Point of decision signs and stair use in a university worksite setting: General versus specific messages
Point-of-decision signs to promote stair use have been found to be effective in various environments. However, these signs have been more consistently successful in public access settings that use escalators, such as shopping centers and transportation stations, compared to worksite settings, which are more likely to contain elevators that are not directly adjacent to the stairs. Therefore, this study tested the effectiveness of two point-of-decision sign prompts to increase stair use in a university worksite setting. Also, this study investigated the importance of the message content of the signs. One sign displayed a general health promotion message, while the other sign presented more specific information. Overall, this project examined whether the presence of the point-of-decision signs increases stair use. In addition, this research determined whether the general or specific sign promotes greater stair use. Inconspicuous observers measured stair use both before the signs were present and while they were posted. The study setting was the University of Texas School of Nursing, and the target population was anyone who entered the building, including employees, students, and visitors. The study was conducted over six weeks and included two weeks of baseline measurement, two weeks with the general sign posted, and two weeks with the specific sign posted. Each sign was displayed on a stand in the decision point area near the stairs and the elevator. Logistic regression was used to analyze the data. After adjustment for covariates, the odds of stair use were significantly greater during the intervention period than the baseline period. Furthermore, the specific sign period showed significantly greater odds of stair use than the general sign period. These results indicate that a point-of-decision sign intervention can be effective at promoting stair use in a university worksite setting and that a sign with a specific health information message may be more effective at promoting stair use than a sign with a general health promotion message. These findings can be considered when planning future worksite and university based stair promotion interventions.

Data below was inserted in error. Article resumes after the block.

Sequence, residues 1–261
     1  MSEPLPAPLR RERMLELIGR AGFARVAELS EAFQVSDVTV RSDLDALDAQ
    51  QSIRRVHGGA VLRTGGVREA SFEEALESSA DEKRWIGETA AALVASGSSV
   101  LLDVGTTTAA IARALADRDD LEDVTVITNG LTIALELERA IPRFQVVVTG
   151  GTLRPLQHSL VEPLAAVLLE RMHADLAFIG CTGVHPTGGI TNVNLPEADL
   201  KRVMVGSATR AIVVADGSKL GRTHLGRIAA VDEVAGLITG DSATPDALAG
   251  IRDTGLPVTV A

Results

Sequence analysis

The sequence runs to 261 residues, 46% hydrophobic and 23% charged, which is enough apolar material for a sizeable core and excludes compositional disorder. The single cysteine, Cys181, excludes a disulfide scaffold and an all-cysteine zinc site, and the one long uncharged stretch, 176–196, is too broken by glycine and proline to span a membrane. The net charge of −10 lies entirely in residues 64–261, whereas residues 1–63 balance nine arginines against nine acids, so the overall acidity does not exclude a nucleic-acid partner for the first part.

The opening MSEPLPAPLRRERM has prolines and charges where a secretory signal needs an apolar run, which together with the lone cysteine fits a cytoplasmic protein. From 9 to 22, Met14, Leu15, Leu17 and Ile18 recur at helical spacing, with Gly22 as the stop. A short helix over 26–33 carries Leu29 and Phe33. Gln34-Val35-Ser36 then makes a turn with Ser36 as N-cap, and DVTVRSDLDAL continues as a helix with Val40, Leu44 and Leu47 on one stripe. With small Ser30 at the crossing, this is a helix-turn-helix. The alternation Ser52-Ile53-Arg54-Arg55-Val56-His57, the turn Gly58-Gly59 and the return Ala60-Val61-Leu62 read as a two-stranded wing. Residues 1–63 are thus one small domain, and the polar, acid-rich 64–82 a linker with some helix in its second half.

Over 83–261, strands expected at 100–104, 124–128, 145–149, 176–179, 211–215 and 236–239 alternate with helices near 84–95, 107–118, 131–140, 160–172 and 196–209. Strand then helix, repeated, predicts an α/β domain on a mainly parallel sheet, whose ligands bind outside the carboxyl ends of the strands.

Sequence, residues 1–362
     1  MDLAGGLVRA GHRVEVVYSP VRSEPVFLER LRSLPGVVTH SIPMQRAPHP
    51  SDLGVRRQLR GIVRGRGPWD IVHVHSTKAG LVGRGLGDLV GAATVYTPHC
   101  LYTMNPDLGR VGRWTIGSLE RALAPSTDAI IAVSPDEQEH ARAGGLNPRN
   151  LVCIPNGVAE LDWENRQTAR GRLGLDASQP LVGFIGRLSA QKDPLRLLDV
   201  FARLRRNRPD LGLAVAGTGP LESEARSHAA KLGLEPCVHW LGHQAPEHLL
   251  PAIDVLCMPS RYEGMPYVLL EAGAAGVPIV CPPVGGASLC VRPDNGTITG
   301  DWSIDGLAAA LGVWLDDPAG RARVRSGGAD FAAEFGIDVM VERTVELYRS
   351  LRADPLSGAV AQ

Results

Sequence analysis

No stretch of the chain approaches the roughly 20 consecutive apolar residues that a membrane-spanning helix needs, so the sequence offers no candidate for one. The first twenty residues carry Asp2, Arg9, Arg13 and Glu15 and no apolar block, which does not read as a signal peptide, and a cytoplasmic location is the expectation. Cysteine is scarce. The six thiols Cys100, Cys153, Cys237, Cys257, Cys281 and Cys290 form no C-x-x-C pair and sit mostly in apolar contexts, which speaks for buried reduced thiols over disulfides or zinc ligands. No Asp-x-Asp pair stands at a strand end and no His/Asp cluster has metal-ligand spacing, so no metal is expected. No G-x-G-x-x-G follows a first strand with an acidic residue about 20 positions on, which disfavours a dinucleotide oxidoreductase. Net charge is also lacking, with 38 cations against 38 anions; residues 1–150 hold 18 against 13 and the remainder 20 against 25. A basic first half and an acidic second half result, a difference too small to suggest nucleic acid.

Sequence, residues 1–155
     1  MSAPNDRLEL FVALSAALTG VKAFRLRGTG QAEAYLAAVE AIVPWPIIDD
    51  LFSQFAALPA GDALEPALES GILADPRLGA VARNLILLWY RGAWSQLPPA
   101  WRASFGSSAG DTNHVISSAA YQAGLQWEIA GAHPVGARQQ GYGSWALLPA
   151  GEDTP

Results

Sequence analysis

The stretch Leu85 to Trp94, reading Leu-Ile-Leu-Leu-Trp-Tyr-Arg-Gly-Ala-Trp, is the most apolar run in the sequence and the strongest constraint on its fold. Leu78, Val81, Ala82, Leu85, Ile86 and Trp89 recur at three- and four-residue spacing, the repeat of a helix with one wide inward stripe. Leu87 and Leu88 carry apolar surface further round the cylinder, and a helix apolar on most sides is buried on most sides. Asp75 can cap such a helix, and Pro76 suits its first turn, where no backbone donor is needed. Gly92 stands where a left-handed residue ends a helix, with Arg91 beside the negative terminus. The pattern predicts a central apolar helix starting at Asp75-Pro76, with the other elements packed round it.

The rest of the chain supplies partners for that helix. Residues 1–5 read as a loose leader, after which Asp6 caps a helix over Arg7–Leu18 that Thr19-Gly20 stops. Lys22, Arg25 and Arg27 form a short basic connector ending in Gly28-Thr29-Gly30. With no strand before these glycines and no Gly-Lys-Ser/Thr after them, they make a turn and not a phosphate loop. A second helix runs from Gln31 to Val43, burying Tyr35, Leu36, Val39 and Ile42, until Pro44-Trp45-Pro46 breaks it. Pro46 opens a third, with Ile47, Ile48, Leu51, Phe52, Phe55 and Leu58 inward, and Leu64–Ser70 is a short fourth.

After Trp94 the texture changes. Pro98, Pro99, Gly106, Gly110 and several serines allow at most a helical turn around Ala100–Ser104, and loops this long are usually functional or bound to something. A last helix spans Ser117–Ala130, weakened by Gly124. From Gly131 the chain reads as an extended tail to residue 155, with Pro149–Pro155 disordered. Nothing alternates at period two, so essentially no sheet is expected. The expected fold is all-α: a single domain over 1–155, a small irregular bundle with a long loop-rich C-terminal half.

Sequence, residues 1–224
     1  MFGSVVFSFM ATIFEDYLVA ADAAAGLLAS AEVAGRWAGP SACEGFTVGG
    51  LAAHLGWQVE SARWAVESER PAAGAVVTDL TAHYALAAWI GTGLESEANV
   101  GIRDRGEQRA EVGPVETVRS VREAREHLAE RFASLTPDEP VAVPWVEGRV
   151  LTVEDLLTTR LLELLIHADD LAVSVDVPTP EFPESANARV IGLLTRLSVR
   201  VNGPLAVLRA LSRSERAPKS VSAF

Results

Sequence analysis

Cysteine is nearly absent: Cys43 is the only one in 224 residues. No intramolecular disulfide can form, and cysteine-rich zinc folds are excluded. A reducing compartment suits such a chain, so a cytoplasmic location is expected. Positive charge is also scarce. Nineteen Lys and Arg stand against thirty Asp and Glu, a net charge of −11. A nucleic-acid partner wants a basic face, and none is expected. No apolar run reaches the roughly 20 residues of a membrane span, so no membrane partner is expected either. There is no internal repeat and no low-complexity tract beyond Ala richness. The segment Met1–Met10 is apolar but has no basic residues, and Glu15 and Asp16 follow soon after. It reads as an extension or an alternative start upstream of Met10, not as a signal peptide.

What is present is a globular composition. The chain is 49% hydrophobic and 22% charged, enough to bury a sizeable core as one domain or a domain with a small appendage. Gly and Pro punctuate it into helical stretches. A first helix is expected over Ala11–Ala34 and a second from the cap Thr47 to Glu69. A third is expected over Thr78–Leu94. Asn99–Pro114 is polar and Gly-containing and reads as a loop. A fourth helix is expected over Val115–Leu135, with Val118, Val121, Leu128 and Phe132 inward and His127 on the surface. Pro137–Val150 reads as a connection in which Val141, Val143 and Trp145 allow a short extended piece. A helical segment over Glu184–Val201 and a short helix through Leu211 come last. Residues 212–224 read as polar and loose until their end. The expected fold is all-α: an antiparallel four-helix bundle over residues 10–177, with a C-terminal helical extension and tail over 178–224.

Eckhardt, Mary, "Point of decision signs and stair use in a university worksite setting: General versus specific messages" (2012). Texas Medical Center Dissertations (via ProQuest). AAI1518771.